Next, I researched every draft pick from 2004-2014 using MFLs own ADP data from actual rookie drafts (I purposely didn't do 2015 & 2016 since those players are still changing in value). I then determined which of those players, on average, evolved to become studs (OBJ, Chris Johnson, AP, etc), starters (Frank Gore, Jon Stewart, Emmanuel Sanders, etc), or role players (Vernon Davis, Kendall Wright, etc). Anyone less than a "Roll Player" status was ignored, as they had little-to-no value in the long run. I also had to research the range of these players to go in the draft. For example, Mike Evans was both a 1.01 & 1.02 pick, so that was his range. Carlos Hyde was a 1.03 to 1.07 player, so that was his range, etc. Standard deviation was played with but ultimately dropped, since nearly every player in the middle of the 1st round had a SD of ~1 slot.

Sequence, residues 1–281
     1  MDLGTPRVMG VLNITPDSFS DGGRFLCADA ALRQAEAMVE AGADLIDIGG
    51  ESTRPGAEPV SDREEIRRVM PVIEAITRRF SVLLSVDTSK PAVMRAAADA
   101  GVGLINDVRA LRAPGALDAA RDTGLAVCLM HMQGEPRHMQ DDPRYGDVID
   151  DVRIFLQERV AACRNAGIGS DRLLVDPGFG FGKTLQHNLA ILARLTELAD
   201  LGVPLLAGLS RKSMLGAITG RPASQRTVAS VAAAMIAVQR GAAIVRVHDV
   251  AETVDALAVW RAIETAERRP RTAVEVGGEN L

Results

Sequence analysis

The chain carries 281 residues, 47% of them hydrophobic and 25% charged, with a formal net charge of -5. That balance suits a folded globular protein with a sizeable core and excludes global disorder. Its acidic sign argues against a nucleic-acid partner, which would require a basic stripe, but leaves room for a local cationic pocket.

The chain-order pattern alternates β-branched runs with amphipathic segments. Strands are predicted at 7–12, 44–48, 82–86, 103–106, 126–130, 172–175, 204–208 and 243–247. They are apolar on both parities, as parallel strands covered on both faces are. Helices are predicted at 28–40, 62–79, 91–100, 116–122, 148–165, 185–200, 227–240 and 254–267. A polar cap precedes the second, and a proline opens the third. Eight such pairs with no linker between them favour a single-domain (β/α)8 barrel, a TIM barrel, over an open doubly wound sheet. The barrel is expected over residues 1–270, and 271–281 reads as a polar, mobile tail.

The result of where studs can be found in the draft was a little surprising. For example, there was barely any difference in success rate from the 1.01 to 1.03 selections. Success rate for these picks resulted in the same ~42% "Stud" rate. The 1.04-1.06 selections dropped to ~21% Stud Rate. The fail rate, which is where you do not draft one of the 3 kinds of players mentioned above, went from a 50% average in round 1, to an 80% in round 2, 84% in round 3, and a 94% fail rate in round 4. Talent dropped significantly from the top 3 picks to just the 2nd round (as it should, btw). It should look like a y=1/x line (where x>0) in order for the research to be considered valid, and when that happened, I figured I was onto something. All 4th round picks were shots in the dark. The success rate of the 4.01 pick (or any 4th rounder, for that matter) was not statistically significant over the 4.12 pick, so all 4th round picks were given the same value in my chart.